Quality car repair is extremely hard to find. More often than not, amateur technicians will be working on our cars. These mechanics may be well meaning, but they simply aren’t up to the task. RepairTrust studies reveal that only 30% of the time will a qualified auto repair technician be fixing your car.
Training mechanics has historically been an afterthought in the car industry. While there is much more emphasis on training today, it’s likely too little too late.
New technology continues to outpace the skills and knowledge of today’s auto mechanics. Some repair shops are still battling with computer diagnostics from the 1990s. As we head into 2012 and beyond, these technicians are faced with highly advanced computer systems on wheels, as well as hybrid and electric cars. This isn’t just new technology, it’s new mechanical theory.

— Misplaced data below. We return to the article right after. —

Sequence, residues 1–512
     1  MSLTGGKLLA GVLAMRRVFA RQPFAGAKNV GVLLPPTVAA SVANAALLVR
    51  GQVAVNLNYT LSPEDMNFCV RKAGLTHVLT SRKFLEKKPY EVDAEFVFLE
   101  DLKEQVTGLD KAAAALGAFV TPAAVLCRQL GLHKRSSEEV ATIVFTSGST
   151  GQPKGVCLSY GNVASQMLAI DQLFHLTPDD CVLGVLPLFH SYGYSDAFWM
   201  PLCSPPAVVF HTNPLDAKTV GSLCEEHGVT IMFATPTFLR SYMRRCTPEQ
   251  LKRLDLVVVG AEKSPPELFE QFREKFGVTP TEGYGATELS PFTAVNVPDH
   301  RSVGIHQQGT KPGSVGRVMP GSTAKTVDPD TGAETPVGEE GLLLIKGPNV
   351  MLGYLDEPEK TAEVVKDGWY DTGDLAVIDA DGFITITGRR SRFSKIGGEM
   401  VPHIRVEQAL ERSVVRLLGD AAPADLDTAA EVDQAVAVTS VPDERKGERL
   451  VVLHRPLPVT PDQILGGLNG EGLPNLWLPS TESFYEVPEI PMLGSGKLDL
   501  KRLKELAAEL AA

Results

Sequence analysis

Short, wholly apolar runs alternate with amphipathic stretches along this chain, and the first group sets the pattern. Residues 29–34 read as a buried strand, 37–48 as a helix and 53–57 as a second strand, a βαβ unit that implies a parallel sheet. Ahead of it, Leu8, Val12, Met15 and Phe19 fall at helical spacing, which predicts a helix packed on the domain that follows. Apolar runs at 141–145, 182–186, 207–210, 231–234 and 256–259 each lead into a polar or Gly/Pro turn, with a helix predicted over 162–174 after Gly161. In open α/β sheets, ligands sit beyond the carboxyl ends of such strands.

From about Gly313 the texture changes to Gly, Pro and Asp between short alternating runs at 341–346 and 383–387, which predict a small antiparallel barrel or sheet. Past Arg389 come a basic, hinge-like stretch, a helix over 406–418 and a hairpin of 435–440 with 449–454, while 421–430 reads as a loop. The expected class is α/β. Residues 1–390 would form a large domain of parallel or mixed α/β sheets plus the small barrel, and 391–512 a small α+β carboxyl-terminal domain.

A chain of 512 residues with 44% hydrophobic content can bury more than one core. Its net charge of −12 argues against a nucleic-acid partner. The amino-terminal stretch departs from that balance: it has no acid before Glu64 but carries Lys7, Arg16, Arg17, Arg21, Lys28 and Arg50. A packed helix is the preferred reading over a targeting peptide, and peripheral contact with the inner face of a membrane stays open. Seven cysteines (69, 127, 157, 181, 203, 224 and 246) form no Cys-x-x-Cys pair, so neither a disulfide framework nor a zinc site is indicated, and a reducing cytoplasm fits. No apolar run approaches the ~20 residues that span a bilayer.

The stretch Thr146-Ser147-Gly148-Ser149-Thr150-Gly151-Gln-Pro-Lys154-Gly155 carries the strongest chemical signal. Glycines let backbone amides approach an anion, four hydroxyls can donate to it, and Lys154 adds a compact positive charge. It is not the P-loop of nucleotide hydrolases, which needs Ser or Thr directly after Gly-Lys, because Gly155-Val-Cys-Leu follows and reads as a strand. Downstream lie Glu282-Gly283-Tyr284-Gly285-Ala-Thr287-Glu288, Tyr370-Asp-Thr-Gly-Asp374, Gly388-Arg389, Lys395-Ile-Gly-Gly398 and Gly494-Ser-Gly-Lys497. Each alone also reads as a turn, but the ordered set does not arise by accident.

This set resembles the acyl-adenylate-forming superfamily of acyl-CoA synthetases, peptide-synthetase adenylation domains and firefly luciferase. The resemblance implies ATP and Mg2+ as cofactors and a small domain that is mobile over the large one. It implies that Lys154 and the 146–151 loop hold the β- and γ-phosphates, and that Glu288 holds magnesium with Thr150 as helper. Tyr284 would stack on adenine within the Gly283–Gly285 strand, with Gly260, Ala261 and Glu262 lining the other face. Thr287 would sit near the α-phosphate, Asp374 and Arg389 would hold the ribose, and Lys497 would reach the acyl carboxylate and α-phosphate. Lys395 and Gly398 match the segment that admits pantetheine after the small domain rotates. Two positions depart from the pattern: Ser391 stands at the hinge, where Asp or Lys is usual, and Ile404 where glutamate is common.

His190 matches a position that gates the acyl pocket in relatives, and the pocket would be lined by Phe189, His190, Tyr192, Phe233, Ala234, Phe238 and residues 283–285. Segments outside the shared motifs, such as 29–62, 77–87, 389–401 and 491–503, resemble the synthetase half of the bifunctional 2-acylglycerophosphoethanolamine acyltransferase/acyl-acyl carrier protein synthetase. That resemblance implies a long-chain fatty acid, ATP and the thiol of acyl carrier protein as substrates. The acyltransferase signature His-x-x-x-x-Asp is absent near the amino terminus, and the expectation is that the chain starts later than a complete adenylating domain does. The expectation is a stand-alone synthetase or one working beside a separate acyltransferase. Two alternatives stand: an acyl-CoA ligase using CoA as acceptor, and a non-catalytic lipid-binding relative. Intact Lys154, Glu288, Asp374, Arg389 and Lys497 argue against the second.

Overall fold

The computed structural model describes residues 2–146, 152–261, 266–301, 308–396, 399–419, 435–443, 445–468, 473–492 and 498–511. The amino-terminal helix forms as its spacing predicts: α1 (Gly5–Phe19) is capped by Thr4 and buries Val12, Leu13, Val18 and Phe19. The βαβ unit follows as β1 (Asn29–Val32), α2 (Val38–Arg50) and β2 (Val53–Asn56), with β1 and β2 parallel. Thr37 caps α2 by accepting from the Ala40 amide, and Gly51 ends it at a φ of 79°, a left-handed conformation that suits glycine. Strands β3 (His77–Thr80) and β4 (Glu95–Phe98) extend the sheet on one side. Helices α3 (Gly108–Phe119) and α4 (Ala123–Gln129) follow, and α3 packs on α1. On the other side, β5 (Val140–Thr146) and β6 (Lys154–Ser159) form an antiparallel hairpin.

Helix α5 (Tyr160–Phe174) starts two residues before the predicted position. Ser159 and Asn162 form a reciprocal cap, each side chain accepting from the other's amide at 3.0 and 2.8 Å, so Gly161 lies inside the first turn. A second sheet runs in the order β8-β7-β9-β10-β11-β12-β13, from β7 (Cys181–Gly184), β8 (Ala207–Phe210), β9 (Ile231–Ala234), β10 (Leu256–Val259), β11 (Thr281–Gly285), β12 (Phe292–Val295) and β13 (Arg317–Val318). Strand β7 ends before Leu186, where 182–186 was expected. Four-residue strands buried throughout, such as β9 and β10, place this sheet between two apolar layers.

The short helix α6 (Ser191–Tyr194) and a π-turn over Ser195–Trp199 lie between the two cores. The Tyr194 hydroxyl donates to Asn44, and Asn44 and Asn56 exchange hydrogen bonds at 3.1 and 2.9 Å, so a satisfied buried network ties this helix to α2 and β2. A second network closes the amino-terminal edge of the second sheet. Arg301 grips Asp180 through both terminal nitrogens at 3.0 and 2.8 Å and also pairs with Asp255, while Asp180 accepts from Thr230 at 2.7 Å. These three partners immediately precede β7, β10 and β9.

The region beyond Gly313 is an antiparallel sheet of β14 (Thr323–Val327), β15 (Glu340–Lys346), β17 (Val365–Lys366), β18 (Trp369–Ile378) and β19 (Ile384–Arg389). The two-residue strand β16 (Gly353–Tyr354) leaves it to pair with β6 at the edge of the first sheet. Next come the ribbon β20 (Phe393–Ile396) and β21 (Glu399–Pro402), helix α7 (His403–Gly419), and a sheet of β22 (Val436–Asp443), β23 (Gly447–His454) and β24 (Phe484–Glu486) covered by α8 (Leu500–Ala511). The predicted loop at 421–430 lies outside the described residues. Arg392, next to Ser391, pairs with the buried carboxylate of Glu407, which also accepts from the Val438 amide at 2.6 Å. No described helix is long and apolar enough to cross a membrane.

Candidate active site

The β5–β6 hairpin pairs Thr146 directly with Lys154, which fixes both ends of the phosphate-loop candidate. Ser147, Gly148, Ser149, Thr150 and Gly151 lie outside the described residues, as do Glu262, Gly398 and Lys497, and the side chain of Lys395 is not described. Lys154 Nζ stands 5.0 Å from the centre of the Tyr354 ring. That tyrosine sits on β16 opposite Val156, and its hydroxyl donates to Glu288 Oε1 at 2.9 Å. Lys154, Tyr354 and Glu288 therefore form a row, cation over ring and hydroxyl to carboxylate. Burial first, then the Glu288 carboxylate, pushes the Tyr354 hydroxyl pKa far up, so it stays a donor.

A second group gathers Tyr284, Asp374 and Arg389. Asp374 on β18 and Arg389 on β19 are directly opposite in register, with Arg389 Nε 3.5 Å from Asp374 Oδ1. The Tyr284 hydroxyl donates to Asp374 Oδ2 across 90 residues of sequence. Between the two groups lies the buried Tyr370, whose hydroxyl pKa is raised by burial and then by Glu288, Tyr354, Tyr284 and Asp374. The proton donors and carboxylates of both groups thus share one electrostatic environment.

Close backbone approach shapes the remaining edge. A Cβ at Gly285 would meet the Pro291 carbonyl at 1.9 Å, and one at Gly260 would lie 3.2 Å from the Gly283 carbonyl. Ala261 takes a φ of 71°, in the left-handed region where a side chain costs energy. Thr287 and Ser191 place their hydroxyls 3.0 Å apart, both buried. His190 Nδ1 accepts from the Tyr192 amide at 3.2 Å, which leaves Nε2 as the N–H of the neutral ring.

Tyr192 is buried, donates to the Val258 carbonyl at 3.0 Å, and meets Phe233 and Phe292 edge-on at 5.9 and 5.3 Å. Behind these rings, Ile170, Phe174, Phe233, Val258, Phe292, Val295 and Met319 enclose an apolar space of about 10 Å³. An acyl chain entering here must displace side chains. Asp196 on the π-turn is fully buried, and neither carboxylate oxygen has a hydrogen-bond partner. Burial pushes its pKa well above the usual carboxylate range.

I wish I could say the industry is ready – it’s not.
I recently interviewed a veteran auto repair trainer at a prestigious repair training facility. I asked him if his students are ready for the challenges that will come with fixing today’s cars. He laughed and said: “A 1/3 of the students are good. Another 1/3 is average and could improve with help. The final 1/3 is wasting space.”
Regretfully, this doesn’t leave much hope, as even the 1/3 that could improve with help, will be entering an environment that does little to “nurture.”
If you’ve ever had trouble getting your car fixed right the first time, the above is one piece of the puzzle.